In this post we’re going to have an in-depth look at the Acer Aspire Switch 10 E, a 10-inch Windows tablet with a keyboard dock, that retails for as little as $270 at launch and will probably get even cheaper down the road.
Compact and affordable 2-in-1s have become fairly popular in the last years, mostly because they offer a full-Windows experience in a small form factor, with an attractive price. They are mostly bought by those that need more than games, browsing and movies from their tablet, as they do provide access to all the standard Windows applications and most of them bundle a dock in the pack, with a keyboard, trackpad, extra ports and in some cases, extra storage space.
Acer’s Aspire Switch 10 E is one of the simplest solutions in this class and builds on a few important basics: a colorful and well made body, a decent screen, long battery life and an excellent price. Acer had to cut some corners with this one in order to make it as cheap as it is, but for the money, this product is a good buy. The post below will tell you exactly what to expect from it.
|Acer Aspire Switch 10 E SW3-013|
|Screen||10.1 inch, 1280 x 800 px, IPS, touchscreen|
|Hardware||Intel Atom BayTrail-T Z3735F CPU 1.33 GHz CPU and Intel HD graphics|
|Memory||2 GB RAM|
|Storage||32 GB eMMC|
||Wireless N, Bluetooth|
|Ports||micro-HDMI, micro-USB, microSD card reader, headphone jack, USB 2.0 on the dock|
|Cameras||front and back|
|OS||Windows 8.1 32-bit
|Size||Tablet: 262 x 180 x 11 mm (10.3” x 7.1” x 0.43”)
Tablet + Dock: 262 x 180 x 21 mm (10.3” x 7.1” x 0.81”)
|Weight||Tablet: 632 g (1.39 lbs)
Tablet + Dock: 1136 g (2.510 lbs)
|Others||available in multiple colors, docking station included, with keyboard, trackpad, USB 2.0 slot|
The Video Review
Design, exterior and first look
The device is entirely made out of plastic and it’s fairly bulky and heavy for a 10 incher, especially when compared to some of the latest entries in its class. The tablet alone weighs around 1.4 pounds, which is rather hefty for a 10 incher and isn’t as comfortable to hold as some of the lighter options, while the tablet and the dock together weigh 2.5 pounds.
The plastic body is surprisingly well built though, with a nice texture. Plastic is still plastic and the case will still squeak when squeezed firmer, but overall the build quality is fairly good nonetheless, for a device in this price range, of course.
The case will be available in a bunch of different lively colors as you can see in the pictures below, and these will surely appeal to the younger audience. I only got to test the dull gray version here, but I saw the others in person at the launch event.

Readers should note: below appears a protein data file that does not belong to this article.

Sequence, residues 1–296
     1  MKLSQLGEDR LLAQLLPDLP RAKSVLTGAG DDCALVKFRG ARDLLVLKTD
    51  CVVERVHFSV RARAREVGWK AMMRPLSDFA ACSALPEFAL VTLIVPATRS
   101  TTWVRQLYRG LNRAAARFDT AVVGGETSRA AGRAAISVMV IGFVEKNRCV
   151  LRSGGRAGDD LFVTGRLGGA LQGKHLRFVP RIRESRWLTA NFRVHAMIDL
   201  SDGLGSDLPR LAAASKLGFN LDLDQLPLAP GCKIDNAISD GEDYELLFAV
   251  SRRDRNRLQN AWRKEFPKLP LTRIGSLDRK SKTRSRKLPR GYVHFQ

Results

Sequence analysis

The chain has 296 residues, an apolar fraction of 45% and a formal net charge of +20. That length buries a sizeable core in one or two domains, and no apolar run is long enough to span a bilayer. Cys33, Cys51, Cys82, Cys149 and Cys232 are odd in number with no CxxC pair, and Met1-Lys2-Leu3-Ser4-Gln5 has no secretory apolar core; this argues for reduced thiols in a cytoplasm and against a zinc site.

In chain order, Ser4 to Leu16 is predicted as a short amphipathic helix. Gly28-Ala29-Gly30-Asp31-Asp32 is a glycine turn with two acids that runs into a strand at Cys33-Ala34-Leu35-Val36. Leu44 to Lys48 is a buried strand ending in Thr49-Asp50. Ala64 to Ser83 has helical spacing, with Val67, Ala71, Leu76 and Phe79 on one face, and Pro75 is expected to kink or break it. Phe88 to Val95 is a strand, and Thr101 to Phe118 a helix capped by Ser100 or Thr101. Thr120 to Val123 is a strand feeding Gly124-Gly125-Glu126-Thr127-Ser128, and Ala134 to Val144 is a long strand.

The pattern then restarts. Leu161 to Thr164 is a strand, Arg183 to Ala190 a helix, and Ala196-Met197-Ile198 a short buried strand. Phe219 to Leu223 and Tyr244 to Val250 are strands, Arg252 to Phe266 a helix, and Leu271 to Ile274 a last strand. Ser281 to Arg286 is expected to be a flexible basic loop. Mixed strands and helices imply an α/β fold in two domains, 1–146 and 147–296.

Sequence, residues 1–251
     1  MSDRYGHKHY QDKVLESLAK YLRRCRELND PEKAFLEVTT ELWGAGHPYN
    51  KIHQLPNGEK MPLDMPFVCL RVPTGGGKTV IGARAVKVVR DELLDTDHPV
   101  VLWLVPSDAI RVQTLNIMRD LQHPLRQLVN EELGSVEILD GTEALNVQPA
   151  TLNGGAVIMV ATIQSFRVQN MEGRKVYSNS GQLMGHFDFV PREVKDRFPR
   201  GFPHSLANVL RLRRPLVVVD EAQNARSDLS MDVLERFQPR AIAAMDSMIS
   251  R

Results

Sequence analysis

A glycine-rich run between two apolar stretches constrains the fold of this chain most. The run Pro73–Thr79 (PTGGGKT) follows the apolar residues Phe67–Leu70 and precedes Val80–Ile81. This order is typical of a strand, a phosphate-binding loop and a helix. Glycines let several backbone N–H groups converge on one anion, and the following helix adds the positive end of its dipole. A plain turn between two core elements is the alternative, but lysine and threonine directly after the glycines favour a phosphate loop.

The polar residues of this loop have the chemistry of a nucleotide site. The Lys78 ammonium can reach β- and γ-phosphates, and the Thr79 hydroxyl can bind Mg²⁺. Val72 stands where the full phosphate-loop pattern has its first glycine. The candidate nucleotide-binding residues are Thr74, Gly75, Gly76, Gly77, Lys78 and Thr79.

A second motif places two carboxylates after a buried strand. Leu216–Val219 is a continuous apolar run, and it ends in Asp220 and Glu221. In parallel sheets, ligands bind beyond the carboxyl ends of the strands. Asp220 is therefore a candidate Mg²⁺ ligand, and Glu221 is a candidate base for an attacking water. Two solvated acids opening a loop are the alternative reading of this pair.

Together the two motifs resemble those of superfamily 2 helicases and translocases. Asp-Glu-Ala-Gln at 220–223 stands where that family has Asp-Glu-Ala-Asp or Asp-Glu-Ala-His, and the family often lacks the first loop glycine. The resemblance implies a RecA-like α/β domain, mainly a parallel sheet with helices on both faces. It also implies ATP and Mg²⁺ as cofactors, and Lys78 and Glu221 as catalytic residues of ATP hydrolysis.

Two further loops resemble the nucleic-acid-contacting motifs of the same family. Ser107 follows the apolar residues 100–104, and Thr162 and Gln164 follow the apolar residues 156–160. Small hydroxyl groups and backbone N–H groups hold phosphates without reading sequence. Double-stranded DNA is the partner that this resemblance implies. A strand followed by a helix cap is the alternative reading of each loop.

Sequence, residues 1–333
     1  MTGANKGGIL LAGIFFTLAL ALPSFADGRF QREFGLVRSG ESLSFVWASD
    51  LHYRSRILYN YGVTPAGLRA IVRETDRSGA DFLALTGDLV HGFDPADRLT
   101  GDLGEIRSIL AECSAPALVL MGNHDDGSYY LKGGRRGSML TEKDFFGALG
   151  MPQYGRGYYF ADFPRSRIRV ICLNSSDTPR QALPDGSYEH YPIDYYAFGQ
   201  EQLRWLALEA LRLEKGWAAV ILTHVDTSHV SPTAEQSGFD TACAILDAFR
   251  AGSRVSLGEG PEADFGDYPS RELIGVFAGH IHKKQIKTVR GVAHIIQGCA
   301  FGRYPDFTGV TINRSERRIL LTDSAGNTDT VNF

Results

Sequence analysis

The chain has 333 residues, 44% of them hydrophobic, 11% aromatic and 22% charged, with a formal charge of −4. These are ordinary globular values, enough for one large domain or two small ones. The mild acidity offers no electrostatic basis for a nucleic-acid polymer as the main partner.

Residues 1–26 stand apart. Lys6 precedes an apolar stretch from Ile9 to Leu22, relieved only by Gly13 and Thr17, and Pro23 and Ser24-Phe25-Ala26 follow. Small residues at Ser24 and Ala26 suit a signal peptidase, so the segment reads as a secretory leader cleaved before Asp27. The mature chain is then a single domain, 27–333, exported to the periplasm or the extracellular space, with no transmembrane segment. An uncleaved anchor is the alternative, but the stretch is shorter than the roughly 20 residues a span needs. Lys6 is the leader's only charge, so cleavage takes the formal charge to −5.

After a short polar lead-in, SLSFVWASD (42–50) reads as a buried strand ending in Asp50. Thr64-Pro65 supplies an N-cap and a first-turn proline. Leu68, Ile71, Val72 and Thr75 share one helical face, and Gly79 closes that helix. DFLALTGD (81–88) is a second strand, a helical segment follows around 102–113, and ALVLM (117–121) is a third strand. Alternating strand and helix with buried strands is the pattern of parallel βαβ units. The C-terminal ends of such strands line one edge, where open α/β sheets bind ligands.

The bulkier and heavier body has a few benefits. First of all, there was room for a large battery inside the case and second, the slate runs very cool, even when looping 1080p movies for hours or browsing between many different Tabs, which are some of the most intensive chores you should expect to perform on such a device. A full-size USB slot on the slate would have been nice, but there isn’t any. Instead, you’ll have to rely on a microUSB slot, a microSD card-reader and micro-HDMI for video output, alongside the microphone/headphones jack.
Dock, keyboard and trackpad
There is however an USB slot on the dock, but no extra battery or the electronics for a HDD, at least not on this particular model that I got to test. Other 10 inch Windows slates offer the ability to put a HDD or SSD in the dock and the fact that this Switch 10 E lacks it could be a deal breaker, since the included 32 GB eMMC is barely enough for Windows. You can expand the storage with a microSD card, but that’s going to be slow.
BTW, It’s also worth noting that the dock only works when connected to the tablet. Acer designed a new latching mechanism for this device, with a smarter connector and magnets that make the process of binding and unbinding the tablet and the dock far smoother than with their previous solutions. The hinge is fairly strong and it does allow the display to lean back a fair amount. The ensemble is top-heavy though, as the slate is heavier than the dock, and that will make it fall on its back easily. For couch use or anything besides desk use, the larger angle will come in handy.